Today, we can use the patch to treat pain, allergies, hormonal issues, high blood pressure, heart problems, motion sickness, depression, ADHD, and opioid use. The patch can carry chemistry to alleviate depression and inhibit conception. The best selling patch, and one of the earliest to emerge as a consumer product, delivers nicotine to the body as a method to stop smoking tobacco.
A couple of years ago, scientists published the results of research on conversion of white adipose fat (the bad kind) to brown adipose fat (the good kind). In other words, fat reduction. They knew which compounds did the job, but introducing them orally or via injection had unwanted effects on unrelated parts and systems in the body. A patch, for local treatment only, was the answer. Animal testing was positive, and one headline proudly proclaimed, “Skin Patch Dissolves Love Handles in Mice.” This particular patch made use of microneedles, with more on this later.
Skin is our largest organ, and we grow up knowing that we should keep that organ far from certain things. Poison ivy is a good example. Some people must avoid contact with alpaca hair or they will suffer an instant itchy rash. We also know that specific applications will help certain skin problems, and some of these are ubiquitous in nature: mud, for instance, and saliva. (One of my family members is a witch who prepares topical dressings from plants and a beeswax matrix to address a variety of ailments. They work, I think.)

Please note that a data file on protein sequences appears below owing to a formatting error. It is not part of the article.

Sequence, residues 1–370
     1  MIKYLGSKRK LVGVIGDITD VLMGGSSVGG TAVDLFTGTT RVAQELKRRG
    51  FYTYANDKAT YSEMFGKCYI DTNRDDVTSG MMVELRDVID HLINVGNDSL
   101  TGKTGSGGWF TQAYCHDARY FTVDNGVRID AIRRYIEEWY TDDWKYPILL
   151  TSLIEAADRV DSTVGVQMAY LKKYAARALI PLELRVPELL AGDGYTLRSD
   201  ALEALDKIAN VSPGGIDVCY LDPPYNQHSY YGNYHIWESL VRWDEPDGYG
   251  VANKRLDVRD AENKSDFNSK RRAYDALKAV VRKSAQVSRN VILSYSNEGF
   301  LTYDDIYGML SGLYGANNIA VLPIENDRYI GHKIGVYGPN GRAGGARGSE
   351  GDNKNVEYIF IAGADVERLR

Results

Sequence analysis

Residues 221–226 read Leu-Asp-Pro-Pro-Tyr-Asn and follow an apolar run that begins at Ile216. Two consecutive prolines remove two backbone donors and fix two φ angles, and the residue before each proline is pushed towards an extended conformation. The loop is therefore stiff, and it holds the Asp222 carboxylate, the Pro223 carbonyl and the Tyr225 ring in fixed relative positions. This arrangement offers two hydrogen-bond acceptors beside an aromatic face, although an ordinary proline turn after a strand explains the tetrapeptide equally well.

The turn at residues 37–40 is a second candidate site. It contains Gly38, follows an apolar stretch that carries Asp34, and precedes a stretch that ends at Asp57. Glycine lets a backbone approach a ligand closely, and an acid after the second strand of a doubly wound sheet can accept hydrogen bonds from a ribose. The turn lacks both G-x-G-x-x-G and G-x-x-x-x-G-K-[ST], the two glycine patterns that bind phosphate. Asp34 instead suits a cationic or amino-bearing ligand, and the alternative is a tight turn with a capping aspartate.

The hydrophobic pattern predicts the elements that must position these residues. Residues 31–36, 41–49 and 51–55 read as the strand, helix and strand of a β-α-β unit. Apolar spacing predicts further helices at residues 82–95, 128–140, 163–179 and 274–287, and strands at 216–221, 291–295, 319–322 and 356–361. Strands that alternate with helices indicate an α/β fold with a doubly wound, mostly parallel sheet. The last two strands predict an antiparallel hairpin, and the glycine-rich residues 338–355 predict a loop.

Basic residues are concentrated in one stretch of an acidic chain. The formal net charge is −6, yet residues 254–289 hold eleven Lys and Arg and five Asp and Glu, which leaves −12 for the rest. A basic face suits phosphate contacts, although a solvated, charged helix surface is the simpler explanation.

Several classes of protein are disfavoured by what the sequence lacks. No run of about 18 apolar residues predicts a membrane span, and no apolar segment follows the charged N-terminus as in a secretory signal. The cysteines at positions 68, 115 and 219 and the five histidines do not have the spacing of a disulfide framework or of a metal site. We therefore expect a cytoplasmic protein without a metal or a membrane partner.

Archaeologists suspect that compounds discovered in an African cave were used for decoration and skin protection 100,000 years ago. Ancient Egyptians used castor, olive and sesame oils along with copper, lead and red ocher to make cosmetic and dermatological products in the form of unguents, creams, pomades, rouges, powders, and eye and nail paints.
Papyrus documents from 1550 BCE describe hundreds of drugs and treatments for treating skin conditions, including burns, blisters and wounds. A poultice with 35 ingredients was prepared for improvement of male intimacy. Transdermal delivery of drugs for systemic effects included the topical application of frankincense to expel pain in the head, and a product applied to the belly to expel pains caused by tapeworm.
The British Journal of Pharmacology (BJP), which published the above historical data in 2015, also notes that the first plasters were developed in China 4,000 years ago, and that Galen, the Greek physician known as the Father of Pharmacy, made the first cold cream in the 2nd Century using a formula still pretty much in use today.
Jumping ahead far and fast, we encounter the first US patent for a transdermal patch granted to biochemist Alejandro Zaffaroni in 1971. By the mid-1970s, patch research had gained significant momentum and it wasn’t long before a new idea was realized.
After a couple of decades of experimentation with patches, researchers and formulators understood that they could combine the medication with the pressure sensitive adhesive, thereby simplifying the patch construction and resulting in a product that is lighter, thinner, more flexible and more comfortable on the skin than earlier versions. (It has been suggested, notes the BJP, that the concept of a patch came from the concept of the bubble jet printer, where the ink was printed on the surface of some appropriate materials.)
Combining drug and adhesive was challenging. The adhesive had to be compatible with human skin, and human skin is not the same on everyone. The rate of drug release from the mixture was critical and had to be meticulously manipulated for each application. The amount of time a patch is worn also is considered, because the transference of the drug will decrease over that time.